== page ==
Developmental Psychobiology

Developmental Psychobiology

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Description

The multidisciplinary field of developmental psychobiology has uncovered new findings in behavioral progressions that have led to exciting avenues for therapeutic intervention. Developmental Psychobiology examines typical and atypical behavioral and neural development, reflecting a broad sampling of this multidisciplinary field in its five densely informative chapters. Here, ten contributors discuss early attachment, face processing, reading disability, Tourette's syndrome, and schizophrenia as a disorder of neurodevelopment -- emphasizing three fundamental topics that are especially relevant to biological and child psychiatry:  Learning and development and the methods for studying them -- Understanding normal progressions as a dynamic behavioral and neural process will have a significant impact in determining the biological substrates of clinical disorders and how we can target effective treatments and interventions for behaviors such as the waxing and waning of symptoms in Tourette's syndrome and OCD, eye contact and gaze in autism, word reading in dyslexia, and working memory in schizophrenia. The establishment of typical and atypical developmental progressions in systems -- Both plasticity and stability are critical in the normal development of behavioral and neural systems. For example, certain behaviors are appropriate at one age but inappropriate at other ages, whereas some clinical disorders may not diminish or change with age and may be viewed instead as developmental delays or deficiencies. The impact of methodological advances on imaging and genetics in understanding typical and atypical behavioral and neural development -- How have developments in noninvasive tools for looking into the developing, behaving human brain -- imaging, computational modeling and genetic techniques -- helped us to inform or constrain our understanding of typical and atypical development? Until now, biological psychiatry has been based on psychopharmacological work, but now, with imaging and genetic techniques, we can further characterize the biological mechanisms underlying a disorder. With chapters that elucidate the newest research in the field, Developmental Psychobiology provides clinicians an abundance of insight that can provide practical help to patients and a richer understanding of the underpinnings of cognitive and emotional disorders.show more

Product details

  • Paperback | 208 pages
  • 152.4 x 226.1 x 15.2mm | 340.2g
  • American Psychiatric Association Publishing
  • VA, United States
  • English
  • New.
  • 5 Tables, unspecified; 10 Line drawings, unspecified; 4 Illustrations, color; 1 Halftones, black and white
  • 1585621765
  • 9781585621767

Flap copy

The multidisciplinary field of developmental psychobiology has uncovered new findings in behavioral progressions that have led to exciting avenues for therapeutic intervention. Practical and insightful, Developmental Psychobiology looks at how behavioral and neural systems develop and how adaptive and atypical patterns influence learning and experience.Biological and child psychiatry have moved into an explosive era of developments in imaging and genetic methods. Using these tools to shed light on the relationship between internal processes and outward manifestations of behavior, the field of developmental psychobiology studies the dynamic nature of cells and structures to expose what shapes behavior. The book's introduction provides a foundation of essential themes and questions pursued by the field, which are addressed with a specialized focus in subsequent chapters. This fascinating volume offers new information in the developmental psychobiology of early attachment, reading disability, Tourette's syndrome, schizophrenia and neurodevelopment, and the developmental neurobiology of face processing. With chapters that elucidate the newest research in the field, Developmental Psychobiology provides clinicians an abundance of insight that can provide practical help to patients and a richer understanding of the underpinnings of cognitive and emotional disorders.show more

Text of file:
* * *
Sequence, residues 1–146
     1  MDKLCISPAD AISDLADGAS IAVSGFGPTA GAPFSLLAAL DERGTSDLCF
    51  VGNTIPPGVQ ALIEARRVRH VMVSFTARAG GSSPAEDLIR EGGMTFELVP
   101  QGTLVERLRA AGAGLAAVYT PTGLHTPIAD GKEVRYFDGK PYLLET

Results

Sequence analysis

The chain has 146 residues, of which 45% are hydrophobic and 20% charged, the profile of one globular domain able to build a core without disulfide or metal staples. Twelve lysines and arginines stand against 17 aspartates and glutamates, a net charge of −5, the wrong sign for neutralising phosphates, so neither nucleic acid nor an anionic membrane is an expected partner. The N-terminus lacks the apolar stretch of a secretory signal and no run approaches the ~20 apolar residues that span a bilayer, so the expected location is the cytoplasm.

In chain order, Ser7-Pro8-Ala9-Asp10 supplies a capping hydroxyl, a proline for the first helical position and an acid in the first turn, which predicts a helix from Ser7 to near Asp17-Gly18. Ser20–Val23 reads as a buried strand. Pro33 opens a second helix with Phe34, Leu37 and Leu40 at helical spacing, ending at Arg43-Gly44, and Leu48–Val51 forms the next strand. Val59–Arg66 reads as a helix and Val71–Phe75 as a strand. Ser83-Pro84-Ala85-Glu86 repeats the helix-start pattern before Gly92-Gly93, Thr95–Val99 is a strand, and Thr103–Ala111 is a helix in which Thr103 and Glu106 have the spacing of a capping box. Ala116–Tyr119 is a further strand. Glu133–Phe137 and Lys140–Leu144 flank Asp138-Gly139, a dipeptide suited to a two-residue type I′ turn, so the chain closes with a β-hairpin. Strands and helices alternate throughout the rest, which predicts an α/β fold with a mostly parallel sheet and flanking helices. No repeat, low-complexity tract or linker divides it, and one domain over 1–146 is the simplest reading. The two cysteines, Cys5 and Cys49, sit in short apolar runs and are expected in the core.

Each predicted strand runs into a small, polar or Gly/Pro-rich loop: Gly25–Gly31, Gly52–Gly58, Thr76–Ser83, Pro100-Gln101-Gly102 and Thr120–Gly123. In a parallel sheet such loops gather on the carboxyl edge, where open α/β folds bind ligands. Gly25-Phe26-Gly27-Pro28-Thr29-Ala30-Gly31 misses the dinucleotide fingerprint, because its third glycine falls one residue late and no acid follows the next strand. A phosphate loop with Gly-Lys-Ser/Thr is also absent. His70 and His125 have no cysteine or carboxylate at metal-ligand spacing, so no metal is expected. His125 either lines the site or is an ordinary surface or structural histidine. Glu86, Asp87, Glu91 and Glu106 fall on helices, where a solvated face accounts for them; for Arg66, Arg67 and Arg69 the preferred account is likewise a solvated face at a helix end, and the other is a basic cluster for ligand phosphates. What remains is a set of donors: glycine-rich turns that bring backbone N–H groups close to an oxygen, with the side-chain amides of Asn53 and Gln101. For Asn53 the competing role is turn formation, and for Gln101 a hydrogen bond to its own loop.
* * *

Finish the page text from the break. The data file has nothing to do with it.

About B. J. Casey

B.J. Casey, Ph.D., is Director of the Sackler Institute for Developmental Psychobiology at Weill Medical College of Cornell University in New York, New York.show more

Review quote

" "[Developmental Psychobiology]" is a good introduction for the mental health clinician who is interested in a wide array of topics, ranging from maternal-child attachment to facial processing to neurodevelopmental findings in schizophrenia."-- "Psychiatric Services", "February 2006"show more

Table of contents

ContributorsIntroduction to the Review of Psychiatry SeriesIntroductionChapter 1. Developmental psychobiology of early attachmentChapter 2. Developmental neurobiology of face processingChapter 3. Developmental psychobiology of reading disabilityChapter 4. Developmental psychobiology of Gilles de la Tourette's syndromeChapter 5. Schizophrenia and neurodevelopmentIndexshow more